A wide range of economic consequences have resulted as a result of the COVID-19 pandemic, ranging from severe labor shortages to inflation. Noah Glick and Kaleb Roedel of KUNR explore how Northern Nevada is faring nearly two years after the outbreak of the Ebola virus.
Noah Glick (Nathan Glick): Just a few days ago, EDAWN hosted its annual status of the Northern Nevada economy conference. So, here’s the million-dollar question: what exactly is going on with the economy of Northern Nevada? How are things going for you right now?
As a whole, the Reno-Sparks economy has recovered quite well from the pandemic, according to Kaleb Roedel. Consumer spending is at an all-time high, according to the Census Bureau. The jobless rate has dropped below 3 percent once again. In fact, the region currently has 3,400 more jobs than it did a month before the COVID disaster struck.
Consequently, we have more work opportunities now than we did prior to the pandemic. Glick:
Roedel: That’s right. And this is despite the fact that there have been numerous layoffs and the Great Resignation.
I’m talking about the labor shortages that we’re talking about… Wow. Well, I believe that what we have to emphasize is that some industries have been particularly hard struck in Nevada, and I believe this is true. Perhaps you could tell me about some of the industries you’ve noticed that have been disproportionately affected?
Roedel: You’re absolutely correct. I chatted with Brian Gordon, a research analyst with the Las Vegas-based research business Applied Analysis, about his experiences. He spoke at the EDAWN event [last] week, and he stated that some industries, such as business services, transportation, and utilities, have experienced significant job growth, while others, such as manufacturing, have experienced declines.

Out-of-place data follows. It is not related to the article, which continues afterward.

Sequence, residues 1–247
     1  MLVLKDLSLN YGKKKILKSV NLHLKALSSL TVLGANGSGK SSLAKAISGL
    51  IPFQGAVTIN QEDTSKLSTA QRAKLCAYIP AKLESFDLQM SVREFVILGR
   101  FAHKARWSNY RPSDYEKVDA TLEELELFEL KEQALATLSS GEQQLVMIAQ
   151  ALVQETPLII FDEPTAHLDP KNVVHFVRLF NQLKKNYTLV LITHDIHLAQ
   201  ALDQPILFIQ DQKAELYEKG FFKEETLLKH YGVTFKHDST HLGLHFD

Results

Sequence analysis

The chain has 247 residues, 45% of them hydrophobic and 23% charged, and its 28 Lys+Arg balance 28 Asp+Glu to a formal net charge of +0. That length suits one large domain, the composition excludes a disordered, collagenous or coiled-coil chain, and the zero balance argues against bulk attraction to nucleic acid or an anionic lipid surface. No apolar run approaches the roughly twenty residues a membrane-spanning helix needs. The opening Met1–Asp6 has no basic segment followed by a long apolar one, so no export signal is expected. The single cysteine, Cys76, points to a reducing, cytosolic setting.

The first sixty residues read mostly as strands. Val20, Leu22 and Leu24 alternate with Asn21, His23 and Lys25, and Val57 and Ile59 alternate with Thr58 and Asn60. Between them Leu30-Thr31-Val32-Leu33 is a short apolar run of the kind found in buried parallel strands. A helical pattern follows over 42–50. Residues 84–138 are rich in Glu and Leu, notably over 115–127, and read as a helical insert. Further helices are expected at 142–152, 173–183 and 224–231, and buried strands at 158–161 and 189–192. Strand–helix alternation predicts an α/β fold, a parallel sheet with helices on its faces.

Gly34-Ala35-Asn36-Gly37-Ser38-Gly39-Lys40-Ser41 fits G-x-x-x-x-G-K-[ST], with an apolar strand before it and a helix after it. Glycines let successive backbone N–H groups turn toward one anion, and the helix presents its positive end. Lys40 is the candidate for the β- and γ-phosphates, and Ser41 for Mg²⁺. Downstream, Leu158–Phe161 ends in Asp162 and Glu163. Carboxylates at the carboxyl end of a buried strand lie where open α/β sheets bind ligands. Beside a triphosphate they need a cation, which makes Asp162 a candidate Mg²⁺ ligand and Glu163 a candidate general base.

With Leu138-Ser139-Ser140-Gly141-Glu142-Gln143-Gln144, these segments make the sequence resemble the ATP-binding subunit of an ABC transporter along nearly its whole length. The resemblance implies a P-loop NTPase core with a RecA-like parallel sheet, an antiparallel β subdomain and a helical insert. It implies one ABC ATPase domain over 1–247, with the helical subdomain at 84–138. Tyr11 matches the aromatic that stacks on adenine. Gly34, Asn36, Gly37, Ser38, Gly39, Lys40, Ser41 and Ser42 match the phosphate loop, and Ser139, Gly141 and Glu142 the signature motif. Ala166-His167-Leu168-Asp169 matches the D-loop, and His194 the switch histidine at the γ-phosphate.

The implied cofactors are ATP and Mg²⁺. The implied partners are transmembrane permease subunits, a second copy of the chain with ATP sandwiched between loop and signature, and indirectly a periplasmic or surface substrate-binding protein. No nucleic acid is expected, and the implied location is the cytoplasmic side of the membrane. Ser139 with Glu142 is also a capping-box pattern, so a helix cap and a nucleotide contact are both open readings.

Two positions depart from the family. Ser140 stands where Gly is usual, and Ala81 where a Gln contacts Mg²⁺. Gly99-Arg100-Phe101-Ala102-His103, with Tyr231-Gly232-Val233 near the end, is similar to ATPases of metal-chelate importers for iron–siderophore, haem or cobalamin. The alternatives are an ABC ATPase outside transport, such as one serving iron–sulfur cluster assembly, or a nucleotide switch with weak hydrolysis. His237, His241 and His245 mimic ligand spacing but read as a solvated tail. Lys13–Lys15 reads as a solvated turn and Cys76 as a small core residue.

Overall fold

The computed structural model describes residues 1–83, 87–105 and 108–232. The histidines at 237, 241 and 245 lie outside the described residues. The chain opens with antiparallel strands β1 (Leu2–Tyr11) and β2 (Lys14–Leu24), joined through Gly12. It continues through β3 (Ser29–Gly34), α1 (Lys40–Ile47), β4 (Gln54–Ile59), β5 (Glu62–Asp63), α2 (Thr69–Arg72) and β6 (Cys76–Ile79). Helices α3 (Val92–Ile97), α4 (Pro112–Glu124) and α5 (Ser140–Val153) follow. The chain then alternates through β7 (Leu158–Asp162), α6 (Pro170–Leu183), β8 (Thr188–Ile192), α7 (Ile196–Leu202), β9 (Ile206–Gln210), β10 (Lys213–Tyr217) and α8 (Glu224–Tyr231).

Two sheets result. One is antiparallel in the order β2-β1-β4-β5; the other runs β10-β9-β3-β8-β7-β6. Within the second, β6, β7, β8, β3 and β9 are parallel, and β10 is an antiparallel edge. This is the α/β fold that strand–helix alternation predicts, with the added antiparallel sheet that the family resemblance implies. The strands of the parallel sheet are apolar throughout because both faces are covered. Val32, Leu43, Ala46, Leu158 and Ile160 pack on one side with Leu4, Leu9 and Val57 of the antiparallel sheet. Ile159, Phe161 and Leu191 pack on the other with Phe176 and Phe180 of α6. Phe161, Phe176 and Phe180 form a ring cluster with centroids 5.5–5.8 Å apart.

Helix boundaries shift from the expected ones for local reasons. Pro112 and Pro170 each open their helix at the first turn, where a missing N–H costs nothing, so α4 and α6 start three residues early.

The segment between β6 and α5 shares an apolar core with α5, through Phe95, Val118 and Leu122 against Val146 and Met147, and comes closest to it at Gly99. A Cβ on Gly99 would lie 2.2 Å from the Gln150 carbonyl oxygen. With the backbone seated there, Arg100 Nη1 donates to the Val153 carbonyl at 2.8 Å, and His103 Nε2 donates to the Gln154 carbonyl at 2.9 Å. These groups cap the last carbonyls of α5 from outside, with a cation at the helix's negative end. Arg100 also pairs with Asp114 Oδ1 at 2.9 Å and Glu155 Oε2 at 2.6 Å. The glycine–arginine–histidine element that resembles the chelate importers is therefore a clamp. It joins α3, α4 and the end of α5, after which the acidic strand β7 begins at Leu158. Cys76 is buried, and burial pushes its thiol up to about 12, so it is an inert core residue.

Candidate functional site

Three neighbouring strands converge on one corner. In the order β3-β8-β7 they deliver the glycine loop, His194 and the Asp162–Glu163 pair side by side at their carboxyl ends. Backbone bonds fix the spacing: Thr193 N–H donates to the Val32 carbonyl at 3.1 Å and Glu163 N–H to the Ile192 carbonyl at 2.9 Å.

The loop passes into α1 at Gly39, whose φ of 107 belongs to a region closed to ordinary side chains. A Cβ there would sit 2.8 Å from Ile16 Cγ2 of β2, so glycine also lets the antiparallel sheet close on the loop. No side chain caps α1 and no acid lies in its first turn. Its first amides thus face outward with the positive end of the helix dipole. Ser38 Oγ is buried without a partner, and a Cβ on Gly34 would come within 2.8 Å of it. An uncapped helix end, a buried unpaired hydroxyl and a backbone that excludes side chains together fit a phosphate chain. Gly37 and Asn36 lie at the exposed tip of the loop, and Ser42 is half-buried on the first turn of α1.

(SOUNDBITE) (English) BRIAN GORDON: In the leisure and hospitality sector, it is not surprising that this particular industry has lost almost 4,000 employment since the beginning of COVID. And, you know, the reality is that it is possible that not all of those jobs will be reinstated.
As for this pool of workers who don’t necessarily have a job to go back to you, Glick wonders what will become of them.
To be sure, that’s a huge subject that corporate executives and other economic leaders are grappling with right now. According to Mike Kazmierski, the CEO of EDAWN, the state need a more sustained effort to upskill employees so that they can fill some of the opportunities already available in developing areas that are always hiring, such as manufacturing and logistics, he believes.
When you take someone who has a lot of talents in a dying business, such as gaming or tourism, and upskill them to a profession that pays a lot more and allows them to stay and live in this country, you have a winner.
Glick: As a result, he brought up the subject of upskilling. So, what precisely is this?
To put it simply, it is the process of taking someone who is now employed in an area such as tourism or gaming and transforming them into someone who can fill a position in advanced manufacturing. So, for example, teaching children coding, robotics, and other skills that will be required for future professions is a good idea.